Inventory Turnover Ratio
Perpetual Inventory System
Just in Time Inventory System
Inventory to Working Capital Analysis
Value Drivers: Building Reliable Systems to Sustain Growth
Just in Time Inventory System Definition
The just in time inventory system, or JIT, is a system of managing inventory that is designed to improve efficiency and reduce waste in a production process, and minimize inventory carrying costs. The idea is to receive production inputs only as needed in the production process. To implement the just-in-time system, a company must establish tight coordination with its suppliers.
Ideally, a company employing the just-in-time system would have no on-hand inventory. It costs money to hold inventory. The just-in-time system aims to eliminate that cost. A production process using the just-in-time system would receive the correct type and quantity of material inputs at the precise time the inputs are needed in the production process. Depending on the process, the just-in-time system may require multiple material deliveries from suppliers per day. This system requires a closeness – in terms of profession relations as well as geographic proximity – with suppliers.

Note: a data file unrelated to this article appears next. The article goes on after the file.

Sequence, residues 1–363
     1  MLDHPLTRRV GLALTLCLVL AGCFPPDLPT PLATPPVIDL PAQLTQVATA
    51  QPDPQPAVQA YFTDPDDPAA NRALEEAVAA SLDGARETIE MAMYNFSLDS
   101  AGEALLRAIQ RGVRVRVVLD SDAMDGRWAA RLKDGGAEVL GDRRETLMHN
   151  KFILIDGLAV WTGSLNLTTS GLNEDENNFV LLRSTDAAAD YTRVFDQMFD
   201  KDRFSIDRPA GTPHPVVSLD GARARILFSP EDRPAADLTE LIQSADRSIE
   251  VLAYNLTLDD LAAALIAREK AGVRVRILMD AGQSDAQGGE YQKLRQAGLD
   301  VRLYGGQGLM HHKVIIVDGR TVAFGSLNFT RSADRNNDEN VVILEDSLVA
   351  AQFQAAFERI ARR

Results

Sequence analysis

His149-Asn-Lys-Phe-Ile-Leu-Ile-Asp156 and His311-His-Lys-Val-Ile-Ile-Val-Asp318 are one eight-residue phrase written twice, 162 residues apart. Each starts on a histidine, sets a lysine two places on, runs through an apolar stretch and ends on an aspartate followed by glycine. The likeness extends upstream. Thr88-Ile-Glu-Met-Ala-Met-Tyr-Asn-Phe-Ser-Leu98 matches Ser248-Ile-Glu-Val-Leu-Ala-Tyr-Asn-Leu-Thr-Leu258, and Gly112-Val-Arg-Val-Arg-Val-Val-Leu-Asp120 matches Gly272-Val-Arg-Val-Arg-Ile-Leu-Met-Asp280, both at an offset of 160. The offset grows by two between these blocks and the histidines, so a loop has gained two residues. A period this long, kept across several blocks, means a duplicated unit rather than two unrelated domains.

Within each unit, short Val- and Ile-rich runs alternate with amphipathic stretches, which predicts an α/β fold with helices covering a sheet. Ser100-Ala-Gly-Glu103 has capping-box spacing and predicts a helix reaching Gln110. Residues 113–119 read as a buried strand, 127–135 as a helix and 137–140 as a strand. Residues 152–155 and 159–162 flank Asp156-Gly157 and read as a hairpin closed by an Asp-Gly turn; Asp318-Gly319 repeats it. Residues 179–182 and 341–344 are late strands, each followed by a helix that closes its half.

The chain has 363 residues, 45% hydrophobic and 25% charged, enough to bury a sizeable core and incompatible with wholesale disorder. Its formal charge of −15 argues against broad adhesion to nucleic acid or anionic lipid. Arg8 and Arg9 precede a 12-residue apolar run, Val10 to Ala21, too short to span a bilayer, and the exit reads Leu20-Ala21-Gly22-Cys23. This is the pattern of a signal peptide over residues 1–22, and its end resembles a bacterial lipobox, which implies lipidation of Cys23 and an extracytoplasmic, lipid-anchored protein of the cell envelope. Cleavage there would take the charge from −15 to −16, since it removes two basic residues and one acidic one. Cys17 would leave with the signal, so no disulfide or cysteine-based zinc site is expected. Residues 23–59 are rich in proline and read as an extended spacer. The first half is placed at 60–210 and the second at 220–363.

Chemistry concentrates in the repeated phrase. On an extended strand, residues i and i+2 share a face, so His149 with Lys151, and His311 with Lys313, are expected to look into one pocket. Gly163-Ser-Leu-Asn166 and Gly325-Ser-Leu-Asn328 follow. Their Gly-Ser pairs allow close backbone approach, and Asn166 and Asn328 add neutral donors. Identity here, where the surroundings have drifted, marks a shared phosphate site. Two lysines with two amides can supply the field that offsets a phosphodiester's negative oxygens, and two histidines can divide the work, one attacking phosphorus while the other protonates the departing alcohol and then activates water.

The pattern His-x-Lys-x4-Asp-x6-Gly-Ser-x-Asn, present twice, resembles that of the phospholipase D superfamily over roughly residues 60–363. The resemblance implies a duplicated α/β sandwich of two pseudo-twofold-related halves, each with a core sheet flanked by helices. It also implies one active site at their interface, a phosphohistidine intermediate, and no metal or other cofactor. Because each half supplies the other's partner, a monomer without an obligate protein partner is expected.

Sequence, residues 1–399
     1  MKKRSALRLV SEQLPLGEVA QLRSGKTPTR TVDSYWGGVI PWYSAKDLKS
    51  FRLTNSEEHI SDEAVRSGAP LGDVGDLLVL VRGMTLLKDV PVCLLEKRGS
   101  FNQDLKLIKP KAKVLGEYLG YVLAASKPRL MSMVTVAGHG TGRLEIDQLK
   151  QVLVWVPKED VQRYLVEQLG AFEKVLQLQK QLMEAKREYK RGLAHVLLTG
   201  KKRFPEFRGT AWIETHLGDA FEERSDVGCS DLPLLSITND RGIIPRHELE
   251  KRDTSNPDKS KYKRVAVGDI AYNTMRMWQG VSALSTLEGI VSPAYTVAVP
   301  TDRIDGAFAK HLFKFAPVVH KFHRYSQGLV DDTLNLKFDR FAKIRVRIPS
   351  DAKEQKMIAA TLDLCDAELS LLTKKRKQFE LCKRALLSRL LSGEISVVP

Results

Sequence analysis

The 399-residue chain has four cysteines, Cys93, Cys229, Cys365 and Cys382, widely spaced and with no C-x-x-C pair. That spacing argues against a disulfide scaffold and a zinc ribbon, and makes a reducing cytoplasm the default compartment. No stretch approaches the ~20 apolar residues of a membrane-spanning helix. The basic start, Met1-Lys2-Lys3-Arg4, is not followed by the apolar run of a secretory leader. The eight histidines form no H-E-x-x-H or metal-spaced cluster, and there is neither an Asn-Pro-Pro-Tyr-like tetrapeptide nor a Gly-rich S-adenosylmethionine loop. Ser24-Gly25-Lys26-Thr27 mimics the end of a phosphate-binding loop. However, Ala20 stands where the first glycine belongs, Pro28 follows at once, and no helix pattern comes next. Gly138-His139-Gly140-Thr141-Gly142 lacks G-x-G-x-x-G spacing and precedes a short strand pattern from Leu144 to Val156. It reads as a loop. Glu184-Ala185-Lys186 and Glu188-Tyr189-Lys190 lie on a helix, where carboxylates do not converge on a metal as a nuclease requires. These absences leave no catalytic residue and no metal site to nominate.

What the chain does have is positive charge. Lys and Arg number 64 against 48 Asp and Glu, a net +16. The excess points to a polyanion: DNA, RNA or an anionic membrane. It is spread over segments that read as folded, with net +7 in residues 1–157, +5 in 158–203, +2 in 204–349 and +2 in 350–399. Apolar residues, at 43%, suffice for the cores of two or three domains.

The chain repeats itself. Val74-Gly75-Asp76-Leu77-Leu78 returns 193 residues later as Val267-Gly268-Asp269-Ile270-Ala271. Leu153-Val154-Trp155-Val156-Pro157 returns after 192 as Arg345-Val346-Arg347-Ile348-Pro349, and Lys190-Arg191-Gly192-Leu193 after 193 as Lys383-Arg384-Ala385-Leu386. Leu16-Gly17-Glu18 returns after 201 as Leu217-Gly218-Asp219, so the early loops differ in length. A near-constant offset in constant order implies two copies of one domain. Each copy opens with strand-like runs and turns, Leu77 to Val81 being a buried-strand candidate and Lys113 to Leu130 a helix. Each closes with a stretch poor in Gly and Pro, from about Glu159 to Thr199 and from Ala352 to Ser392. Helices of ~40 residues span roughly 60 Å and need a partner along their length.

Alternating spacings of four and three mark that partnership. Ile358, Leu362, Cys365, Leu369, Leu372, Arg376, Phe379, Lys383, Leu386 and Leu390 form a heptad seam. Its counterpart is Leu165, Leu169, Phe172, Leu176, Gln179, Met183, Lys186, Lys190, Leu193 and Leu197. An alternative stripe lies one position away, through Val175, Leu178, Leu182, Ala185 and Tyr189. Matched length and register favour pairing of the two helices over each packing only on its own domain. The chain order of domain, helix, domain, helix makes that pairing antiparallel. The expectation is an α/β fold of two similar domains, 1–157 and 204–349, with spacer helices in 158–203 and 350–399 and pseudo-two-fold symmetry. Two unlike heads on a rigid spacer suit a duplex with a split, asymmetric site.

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Advantages and Disadvantages
The primary advantage of the just-in-time system is the reduction of inventory carrying costs. If implemented correctly, then it also improves operational efficiency and reduces waste. The primary disadvantage is the system’s susceptibility to disruption. A defective input or a process break-down can be very problematic. This requires anticipation and correction of potential problems before they occur.
Push vs Pull System
Consider traditional inventory and production systems “push” systems. Then consider a just-in-time system a “pull” system.
In a push system, the company forecasts demand, prepares a production schedule, and then orders inputs to begin the production process. The result is a build-up of inventory. It is intended to be ready for sale and delivery to customers. Inventory is “pushed” through the system to the customer.
In a pull system, the company waits to receive a customer order. When the order comes in, the company requests only the necessary inputs for that particular order from its suppliers. Then the company makes the product. When complete, the company ships the product out to the customer. The inventory is “pulled” through the system by the customer order.
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